Saturday, July 29, 2006

[Recommended Read] In Plain Sight: Reflections on Life in Downtown Eastside Vancouver

Congratulations to the editors of In Plain Sight, Leslie A. Robertson and Dara Culhane, for winning the George Ryga Award.

The CBC quotes Dara Culhane:
The book came out of a research project that started in 1999 called the Health and Home project.

We were interviewing women and talking to women about the relationship between health and housing for women in the Downtown Eastside, and as we moved into that project and got to know some of the women, they talked often about wanting to publish their stories.

From the publisher's website describing In Plain Sight:
In compiling this collection of seven life stories from Vancouver’s “Downtown Eastside,” the editors set out to create a space for the voices of women who are seldom heard on their own terms—the words of people who are publicly visible yet who, due to the blur of preconceptions that surround Vancouver’s inner city, remain unseen. To many, the women who offer their stories here are “people without history,” defined only by belonging to a neighbourhood branded by layers of stigma. Their diverse histories are rarely included in the cacophony of media depictions of urban poverty: the “drug problem,” “prostitution” or statistics on crime and violence. These women share the stories of their complex pathways from childhood into and out of the “Downtown Eastside,” through periods of addiction and recovery, strength and illness, affluence and poverty. They confront and challenge the familiar stereotypes applied to drug users, to “wayward women,” and to those who live with disease and/or mental illness.


Interested in learning more about social enterprise? Take a browse through the Vancouver Social Enterprise Book Store (Vancouver | United Kingdom | United States) and see what other social enterpreneurs recommend reading. Tags for information about: for:vsef, DTES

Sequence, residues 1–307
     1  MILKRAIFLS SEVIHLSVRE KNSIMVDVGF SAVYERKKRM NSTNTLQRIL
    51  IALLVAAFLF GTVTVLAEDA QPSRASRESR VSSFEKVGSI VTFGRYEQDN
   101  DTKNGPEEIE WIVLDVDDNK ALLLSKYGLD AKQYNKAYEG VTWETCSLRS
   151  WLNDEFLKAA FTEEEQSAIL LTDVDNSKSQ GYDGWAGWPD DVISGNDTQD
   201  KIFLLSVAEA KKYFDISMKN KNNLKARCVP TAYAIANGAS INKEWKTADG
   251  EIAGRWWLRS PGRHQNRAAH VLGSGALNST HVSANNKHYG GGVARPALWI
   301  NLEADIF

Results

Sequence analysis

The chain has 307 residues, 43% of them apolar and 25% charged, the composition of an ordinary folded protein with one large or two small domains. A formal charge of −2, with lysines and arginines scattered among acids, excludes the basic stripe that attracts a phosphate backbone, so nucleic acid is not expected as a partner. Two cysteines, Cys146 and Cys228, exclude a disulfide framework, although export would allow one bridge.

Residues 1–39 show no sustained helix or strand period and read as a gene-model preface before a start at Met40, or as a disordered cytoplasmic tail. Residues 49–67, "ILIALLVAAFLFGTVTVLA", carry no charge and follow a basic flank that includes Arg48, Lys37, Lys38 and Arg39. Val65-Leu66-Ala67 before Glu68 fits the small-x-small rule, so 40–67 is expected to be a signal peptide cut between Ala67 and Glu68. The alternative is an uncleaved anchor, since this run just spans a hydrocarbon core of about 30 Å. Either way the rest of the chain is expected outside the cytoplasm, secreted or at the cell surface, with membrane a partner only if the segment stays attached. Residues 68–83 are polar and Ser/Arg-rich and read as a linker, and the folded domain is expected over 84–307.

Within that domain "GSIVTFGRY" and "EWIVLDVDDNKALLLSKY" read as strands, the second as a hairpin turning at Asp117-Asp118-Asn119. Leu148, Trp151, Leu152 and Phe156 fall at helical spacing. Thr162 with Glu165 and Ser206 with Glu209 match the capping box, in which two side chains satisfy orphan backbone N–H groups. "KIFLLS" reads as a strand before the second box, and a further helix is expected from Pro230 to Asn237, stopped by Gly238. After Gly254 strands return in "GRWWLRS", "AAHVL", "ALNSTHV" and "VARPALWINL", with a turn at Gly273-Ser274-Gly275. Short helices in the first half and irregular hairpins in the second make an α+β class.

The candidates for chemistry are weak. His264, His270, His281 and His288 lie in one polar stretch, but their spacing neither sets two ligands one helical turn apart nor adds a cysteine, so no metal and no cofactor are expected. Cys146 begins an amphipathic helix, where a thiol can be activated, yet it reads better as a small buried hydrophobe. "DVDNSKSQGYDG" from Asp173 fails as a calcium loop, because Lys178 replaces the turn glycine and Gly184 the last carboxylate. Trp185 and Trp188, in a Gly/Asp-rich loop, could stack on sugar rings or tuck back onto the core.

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Friday, July 28, 2006

Skoll Foundation | Guidelines for Skoll Awards Now Available

Applications are now being accepted for the 2007 Skoll Awards for Social Entrepreneurship, which support social entrepreneurs whose work has the potential for large-scale influence on critical challenges of our time: environmental sustainability, health, tolerance and human rights, institutional responsibility, social and economic equality, and peace and security.

Initial letters of inquiries may be submitted through September 18. To read the guidelines and view a list of frequently asked questions about the awards, click here.

The awards will be presented at the 2007 Skoll World Forum on Social Entrepreneurship at Oxford University in England.

You can link here to read about each of the 2006 Skoll Award for Social Entrepreneurship recipients. The list inlcudes:

Room to Read
Riders for Health
Child Savings International

--------------------- Tags for information about: for:vsef, Social Enterprise, Social Entrepreneur, SocialEntrepreneurship, Skoll



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Thursday, July 27, 2006

VanCity - Supports "Change Everything"

First, this isn't a plug for VanCity. Nothing against 'em, good people. Some of our friends work there.

Do want to give a heads up to the creation of a VanCity sponsored on-line community Change Everything.

What's that you say?

Just ignore that a VanCity advertising slogan is "Change Everything" (see image), the site intends to build a community of change makers. Kind of like 30 Days of Sustainability, or maybe One Day Vancouver.

Here's a sample:
Welcome to, the site for people who want to change themselves, their communities or their world. We're still putting the finishing touches on our design and making sure all the lights and buzzers work, but we're glad you're here — and we hope you'll jump right in.

In their own words, they are:
... an online community of changemakers. Some of us are longtime activists; some of us are community leaders; and a lot of us are just regular people with a few ideas for how we'd like to change things. We're focused in Vancouver, the Lower Mainland and Victoria, but we welcome people from anywhere in the world. All you need are positive ideas for change.


If Change Everything does anything ... it may breathe some life into VanCity.

From the Change Everything Terms of Use:
Although this site is hosted by Vancity, the site does not provide a method of communicating with Vancity. To contact us directly, visit, call us at 1-888-Vancity (826-2489) or drop by your neighbourhood branch.

Keep hope alive!!


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Friday, July 21, 2006